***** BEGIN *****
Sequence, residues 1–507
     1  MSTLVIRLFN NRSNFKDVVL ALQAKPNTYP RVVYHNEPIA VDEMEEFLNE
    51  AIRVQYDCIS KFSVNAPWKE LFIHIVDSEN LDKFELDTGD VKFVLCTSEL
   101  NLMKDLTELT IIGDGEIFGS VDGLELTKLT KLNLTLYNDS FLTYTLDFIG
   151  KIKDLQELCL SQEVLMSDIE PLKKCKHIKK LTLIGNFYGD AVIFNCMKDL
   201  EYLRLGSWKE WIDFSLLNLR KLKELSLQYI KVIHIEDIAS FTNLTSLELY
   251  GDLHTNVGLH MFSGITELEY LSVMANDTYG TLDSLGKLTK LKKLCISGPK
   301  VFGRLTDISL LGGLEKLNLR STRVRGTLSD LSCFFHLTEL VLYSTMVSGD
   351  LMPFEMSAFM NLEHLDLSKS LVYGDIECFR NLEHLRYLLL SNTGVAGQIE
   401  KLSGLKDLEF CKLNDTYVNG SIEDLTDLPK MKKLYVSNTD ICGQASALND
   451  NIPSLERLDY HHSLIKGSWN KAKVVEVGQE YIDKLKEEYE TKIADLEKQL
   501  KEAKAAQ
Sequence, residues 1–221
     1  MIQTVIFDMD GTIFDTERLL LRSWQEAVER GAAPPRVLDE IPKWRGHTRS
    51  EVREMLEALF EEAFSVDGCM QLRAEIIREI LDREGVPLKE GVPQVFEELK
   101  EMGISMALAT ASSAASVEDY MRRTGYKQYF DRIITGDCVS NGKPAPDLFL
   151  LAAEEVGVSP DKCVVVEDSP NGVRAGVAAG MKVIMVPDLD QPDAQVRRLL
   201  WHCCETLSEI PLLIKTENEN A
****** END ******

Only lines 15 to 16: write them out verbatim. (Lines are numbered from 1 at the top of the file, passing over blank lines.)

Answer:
    51  EVREMLEALF EEAFSVDGCM QLRAEIIREI LDREGVPLKE GVPQVFEELK
   101  EMGISMALAT ASSAASVEDY MRRTGYKQYF DRIITGDCVS NGKPAPDLFL